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Old 8th Apr 2020, 1:03 pm   #21
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Default Re: AVO VCM MKII restoration starts

Martin - I checked and the anode link indeed does connect as you say between the wipers of SHba and SGab - I've changed the redrawn circuit, in doing so I found a couple of minor issues, I'll go over the whole thing few more times before I repost it. Haven't checked out the diode connections yet but will do so before I repost the circuit.

Fitting the roller switch cover has not been plain sailing I've had to do a lot of hand fitting, I feel as if the silver solder should not be harder than brass but it sure feels like it when filling, the worst is that a few of the holes are off centre, I did take care in marking their positions but they were still off, I did not notice at first but I changed drill bits part way through drilling the holes and the new drill bit I used (which came from a bulk lot of cheap drill bits from China) had been ground off centre causing the drill to wander - a good example of you get what you pay for.
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Old 8th Apr 2020, 3:00 pm   #22
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Default Re: AVO VCM MKII restoration starts

Thanks for checking the circuit! Good that your tester had the same connection on the Anode link.

I've included the circuit that I redrew from the original circuit with the corrections.

I once bought twenty M3 threaded taps from China and not one of them was M3! I tried them all in a few M3 nuts but not one fit nicely and the nuts could only be turned on three of them and those were very loose fits, measuring these with a caliper they where more like M2.6, all others were M3.5 up to M3.8!
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Old 9th Apr 2020, 2:04 am   #23
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Default Re: AVO VCM MKII restoration starts

Your redrawn circuit at first glance looks identical to mine - pity I didn't know about it's existence before, still it filled in some evenings for me while my wife was watching a "really good show" (that I don't care for) on TV called married at first sight.

Yes the Chinese stuff is very variable, they do make good stuff but also make some not so good as well and it can be pot luck for you when ordering from them.
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Old 9th Apr 2020, 9:58 am   #24
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Default Re: AVO VCM MKII restoration starts

The circuit was published in Radio Bygones No.134 Christmas 2011 with an article named "Servicing And Calibrating AVO Valve Characteristic Meters Mkl And Mkll".
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Old 9th Apr 2020, 11:03 am   #25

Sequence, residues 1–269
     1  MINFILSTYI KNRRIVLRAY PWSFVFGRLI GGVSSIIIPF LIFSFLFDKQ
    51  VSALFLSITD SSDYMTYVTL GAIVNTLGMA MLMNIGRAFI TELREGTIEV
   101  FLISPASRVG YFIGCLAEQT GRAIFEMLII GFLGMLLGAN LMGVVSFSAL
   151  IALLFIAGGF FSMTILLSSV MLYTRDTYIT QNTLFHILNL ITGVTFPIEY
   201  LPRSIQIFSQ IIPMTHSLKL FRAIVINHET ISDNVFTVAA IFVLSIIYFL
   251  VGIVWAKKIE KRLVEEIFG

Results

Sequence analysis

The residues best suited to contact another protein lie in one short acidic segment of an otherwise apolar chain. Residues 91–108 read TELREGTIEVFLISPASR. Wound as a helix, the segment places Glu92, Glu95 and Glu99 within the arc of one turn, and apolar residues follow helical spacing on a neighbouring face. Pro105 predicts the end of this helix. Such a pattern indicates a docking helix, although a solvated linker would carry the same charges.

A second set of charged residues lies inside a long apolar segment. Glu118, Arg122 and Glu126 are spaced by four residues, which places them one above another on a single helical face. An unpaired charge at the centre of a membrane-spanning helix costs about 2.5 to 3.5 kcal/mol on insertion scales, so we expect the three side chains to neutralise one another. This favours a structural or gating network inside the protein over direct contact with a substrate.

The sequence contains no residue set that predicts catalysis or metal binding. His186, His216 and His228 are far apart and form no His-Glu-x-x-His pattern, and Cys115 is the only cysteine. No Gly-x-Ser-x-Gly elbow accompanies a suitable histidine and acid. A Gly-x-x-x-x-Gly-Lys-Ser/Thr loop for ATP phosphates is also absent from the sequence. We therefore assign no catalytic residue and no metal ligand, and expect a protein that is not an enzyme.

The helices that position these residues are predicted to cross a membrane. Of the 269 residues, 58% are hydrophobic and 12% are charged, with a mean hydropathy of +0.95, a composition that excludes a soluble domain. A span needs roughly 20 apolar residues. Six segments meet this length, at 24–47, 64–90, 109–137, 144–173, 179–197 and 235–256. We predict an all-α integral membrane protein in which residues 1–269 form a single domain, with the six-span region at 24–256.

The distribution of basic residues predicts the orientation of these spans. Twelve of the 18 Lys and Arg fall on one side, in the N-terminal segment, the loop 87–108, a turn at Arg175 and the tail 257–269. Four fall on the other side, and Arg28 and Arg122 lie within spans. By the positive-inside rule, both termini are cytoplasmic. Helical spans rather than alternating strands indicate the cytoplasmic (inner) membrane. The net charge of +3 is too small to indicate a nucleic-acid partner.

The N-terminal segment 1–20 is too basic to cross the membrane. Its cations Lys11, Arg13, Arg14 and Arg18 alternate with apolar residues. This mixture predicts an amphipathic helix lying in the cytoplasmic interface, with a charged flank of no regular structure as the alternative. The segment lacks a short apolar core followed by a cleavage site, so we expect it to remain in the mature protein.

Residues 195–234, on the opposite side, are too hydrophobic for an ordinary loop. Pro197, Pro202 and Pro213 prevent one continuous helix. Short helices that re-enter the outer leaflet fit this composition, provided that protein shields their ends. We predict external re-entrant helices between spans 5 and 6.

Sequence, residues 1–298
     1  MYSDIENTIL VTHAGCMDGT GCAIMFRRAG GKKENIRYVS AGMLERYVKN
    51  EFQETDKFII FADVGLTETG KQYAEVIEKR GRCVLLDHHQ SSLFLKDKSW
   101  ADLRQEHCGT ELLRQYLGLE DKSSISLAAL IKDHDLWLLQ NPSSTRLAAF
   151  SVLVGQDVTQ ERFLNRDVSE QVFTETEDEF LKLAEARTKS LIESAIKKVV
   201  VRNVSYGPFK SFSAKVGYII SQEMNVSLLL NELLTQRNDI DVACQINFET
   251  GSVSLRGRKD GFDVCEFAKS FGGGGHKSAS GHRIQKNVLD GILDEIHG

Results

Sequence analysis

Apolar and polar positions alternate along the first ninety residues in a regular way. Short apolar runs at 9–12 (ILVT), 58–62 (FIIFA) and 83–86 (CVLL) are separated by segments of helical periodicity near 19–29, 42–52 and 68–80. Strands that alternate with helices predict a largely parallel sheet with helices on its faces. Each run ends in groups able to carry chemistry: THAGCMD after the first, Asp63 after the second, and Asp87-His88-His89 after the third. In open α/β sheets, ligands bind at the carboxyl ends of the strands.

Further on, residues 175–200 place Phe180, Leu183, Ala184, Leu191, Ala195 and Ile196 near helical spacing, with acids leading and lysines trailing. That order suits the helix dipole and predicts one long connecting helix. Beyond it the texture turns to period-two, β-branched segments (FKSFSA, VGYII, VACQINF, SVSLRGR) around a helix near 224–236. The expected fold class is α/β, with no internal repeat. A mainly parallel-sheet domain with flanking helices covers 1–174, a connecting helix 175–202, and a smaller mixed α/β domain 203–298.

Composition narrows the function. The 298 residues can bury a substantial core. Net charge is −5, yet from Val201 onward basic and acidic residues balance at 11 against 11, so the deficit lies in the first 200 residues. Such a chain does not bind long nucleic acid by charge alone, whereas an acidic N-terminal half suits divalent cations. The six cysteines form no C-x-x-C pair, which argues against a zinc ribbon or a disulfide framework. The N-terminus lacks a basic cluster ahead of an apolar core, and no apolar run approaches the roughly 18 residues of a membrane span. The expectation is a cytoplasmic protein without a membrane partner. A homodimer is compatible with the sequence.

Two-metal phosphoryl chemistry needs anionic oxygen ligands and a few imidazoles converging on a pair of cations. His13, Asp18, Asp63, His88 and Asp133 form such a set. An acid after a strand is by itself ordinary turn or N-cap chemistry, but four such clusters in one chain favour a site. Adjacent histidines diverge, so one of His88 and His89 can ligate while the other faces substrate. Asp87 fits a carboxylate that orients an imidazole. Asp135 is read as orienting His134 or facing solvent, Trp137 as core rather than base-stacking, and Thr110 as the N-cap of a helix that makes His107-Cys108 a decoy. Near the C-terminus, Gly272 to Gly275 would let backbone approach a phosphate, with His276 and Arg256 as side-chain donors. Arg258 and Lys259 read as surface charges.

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Default Re: AVO VCM MKII restoration starts

I don't have the article, and as mine is all working now I probably don't need it - as you have done such a good job with the circuit redraw it is not much point in me doing the same thing, so as I have the MKI 3 transformer version I'll change my redrawn circuit to reflect that version and post it once I'm done, besides the 3 transformers there are other minor differences such as selenium rectifier rather than a miniature vacuum diode and no capacitors on the cutout relay contacts.
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Old 9th Apr 2020, 3:11 pm   #26
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Default Re: AVO VCM MKII restoration starts

It would add valuable information to the AVO community if you publish your diagram as I don't know of any diagram with the three transformers and other differences. If you also could add some detailed photos of the differences in this thread it would be excellent.
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Old 10th Apr 2020, 10:43 am   #27
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Default Re: AVO VCM MKII restoration starts

With the issue of low filament volts still hanging over my head, thought that I would have a go at cleaning the filament volt switches with the ultrasonic cleaner, it looked as if the wires were long enough to dangle the switches into the cleaner tank - if I could perch the VCM up high enough to clear the tank, it was do-able. I had to remove the front chassis bar to clear the tank and also unsolder one wire that was too short to allow the switches to drop right down, in unsoldering the wire I found a faulty solder joint, so once the switches come out of the tank and are dry I'll check all of the joints. The tank had to be filled almost to the top, I used hot water from the tap this, is around 55 deg C and a few drops of detergent, and set the timer for 30min.